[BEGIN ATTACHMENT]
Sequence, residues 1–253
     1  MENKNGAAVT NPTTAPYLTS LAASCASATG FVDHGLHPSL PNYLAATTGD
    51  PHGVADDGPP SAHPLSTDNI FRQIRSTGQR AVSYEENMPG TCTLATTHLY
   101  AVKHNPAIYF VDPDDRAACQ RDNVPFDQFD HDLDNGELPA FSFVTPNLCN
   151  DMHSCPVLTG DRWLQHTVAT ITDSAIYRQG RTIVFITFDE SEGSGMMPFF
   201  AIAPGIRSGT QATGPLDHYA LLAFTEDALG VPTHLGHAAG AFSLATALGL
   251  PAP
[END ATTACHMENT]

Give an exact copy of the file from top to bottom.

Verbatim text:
Sequence, residues 1–253
     1  MENKNGAAVT NPTTAPYLTS LAASCASATG FVDHGLHPSL PNYLAATTGD
    51  PHGVADDGPP SAHPLSTDNI FRQIRSTGQR AVSYEENMPG TCTLATTHLY
   101  AVKHNPAIYF VDPDDRAACQ RDNVPFDQFD HDLDNGELPA FSFVTPNLCN
   151  DMHSCPVLTG DRWLQHTVAT ITDSAIYRQG RTIVFITFDE SEGSGMMPFF
   201  AIAPGIRSGT QATGPLDHYA LLAFTEDALG VPTHLGHAAG AFSLATALGL
   251  PAP